4 Fun Virtual Field Trips to Try This Winter

By Billy Krakower, Jerry Blumengarten, and Paula Naugle

No funding for field trips? Concerns about travel safety? Consider taking your students on a virtual adventure instead. There are so many wonderful opportunities for students to explore and learn about the world without leaving the classroom.

First, Be Prepared!

We suggest having students complete a learning page before the virtual trip. The learning page can be an online form or survey that accesses students’ prior knowledge about what they’ll be learning and gets them thinking about the kinds of questions they can ask themselves during the event. Here’s a sample:


Here are four successful virtual field trips that we or our colleagues have enjoyed doing with students.

1. Journey to the Arctic Tundra

As a member of the DEN (Discovery Educator Network), Paula learns about virtual field trips that Discovery Education hosts through their weekly email updates. She couldn’t pass up the opportunity to have her students visit the Arctic Tundra and learn more about polar bears. You’ll find many more new and archived virtual field trips at the DEN website.

Arctic-tundra2. Explore Ellis Island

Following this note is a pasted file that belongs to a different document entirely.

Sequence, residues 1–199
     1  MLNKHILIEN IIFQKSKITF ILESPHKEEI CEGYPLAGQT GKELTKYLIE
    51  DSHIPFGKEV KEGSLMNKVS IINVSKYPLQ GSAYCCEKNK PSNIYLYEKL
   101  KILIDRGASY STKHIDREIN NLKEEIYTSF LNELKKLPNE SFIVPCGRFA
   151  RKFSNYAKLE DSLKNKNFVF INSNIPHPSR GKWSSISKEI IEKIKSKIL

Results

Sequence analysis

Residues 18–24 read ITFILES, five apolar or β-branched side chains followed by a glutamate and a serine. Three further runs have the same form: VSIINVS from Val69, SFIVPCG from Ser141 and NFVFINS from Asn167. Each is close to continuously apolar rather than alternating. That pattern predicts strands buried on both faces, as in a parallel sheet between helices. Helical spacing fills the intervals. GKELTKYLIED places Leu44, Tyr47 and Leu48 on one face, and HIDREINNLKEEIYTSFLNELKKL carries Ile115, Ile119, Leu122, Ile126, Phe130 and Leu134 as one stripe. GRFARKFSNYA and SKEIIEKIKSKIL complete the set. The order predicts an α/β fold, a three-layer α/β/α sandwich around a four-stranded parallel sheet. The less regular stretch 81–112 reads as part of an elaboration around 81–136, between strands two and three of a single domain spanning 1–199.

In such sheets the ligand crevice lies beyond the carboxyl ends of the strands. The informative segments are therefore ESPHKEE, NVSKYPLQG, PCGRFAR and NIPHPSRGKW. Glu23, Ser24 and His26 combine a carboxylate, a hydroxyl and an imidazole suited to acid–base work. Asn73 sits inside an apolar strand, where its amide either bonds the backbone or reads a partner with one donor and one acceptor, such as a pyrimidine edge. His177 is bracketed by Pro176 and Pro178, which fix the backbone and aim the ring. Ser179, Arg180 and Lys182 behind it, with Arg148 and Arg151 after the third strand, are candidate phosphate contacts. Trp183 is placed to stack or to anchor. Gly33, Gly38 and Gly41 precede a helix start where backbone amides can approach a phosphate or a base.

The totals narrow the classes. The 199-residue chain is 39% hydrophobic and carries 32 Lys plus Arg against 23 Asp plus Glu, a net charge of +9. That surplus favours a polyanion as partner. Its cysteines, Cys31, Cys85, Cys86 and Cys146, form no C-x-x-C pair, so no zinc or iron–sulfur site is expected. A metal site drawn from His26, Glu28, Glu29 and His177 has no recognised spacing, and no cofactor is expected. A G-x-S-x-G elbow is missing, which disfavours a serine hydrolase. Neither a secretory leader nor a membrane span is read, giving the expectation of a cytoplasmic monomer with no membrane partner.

Many sites offer virtual tours of this important location. Scholastic’s interactive tour can be found here. The National Park Service also offers this virtual field trip. If you’re looking for some information about the history of Ellis Island to prepare for your adventure, don’t miss the the History Channel page and Jerry’s collection of immigration resources.

Of course, if you’re lucky enough to go in person, that’s an option too. Billy, who teaches in New Jersey, was fortunate enough to take a class there. His colleague Nancy, who teaches in Massachusetts, couldn’t bring her class, but Billy was able to make a Skype call with her class while he was there. This call lasted about 15-20 minutes through Billy’s cellphone. The students in Massachusetts were able to see the different places at Ellis Island as Billy ran around Ellis Island showing them the Great Hall, the Registry Room, the Statue of Liberty and the American Immigrant Wall of Honor. The students also were able to see the building of the “Freedom Tower” as it is visible from Ellis Island.

Both classes got to connect and benefit from the experience — one in person and one virtually! Consider an idea like this if you have teachers in your PLN who might be interested in swapping visits to nearby interesting sites.


3. Visit an Eagle’s Habitat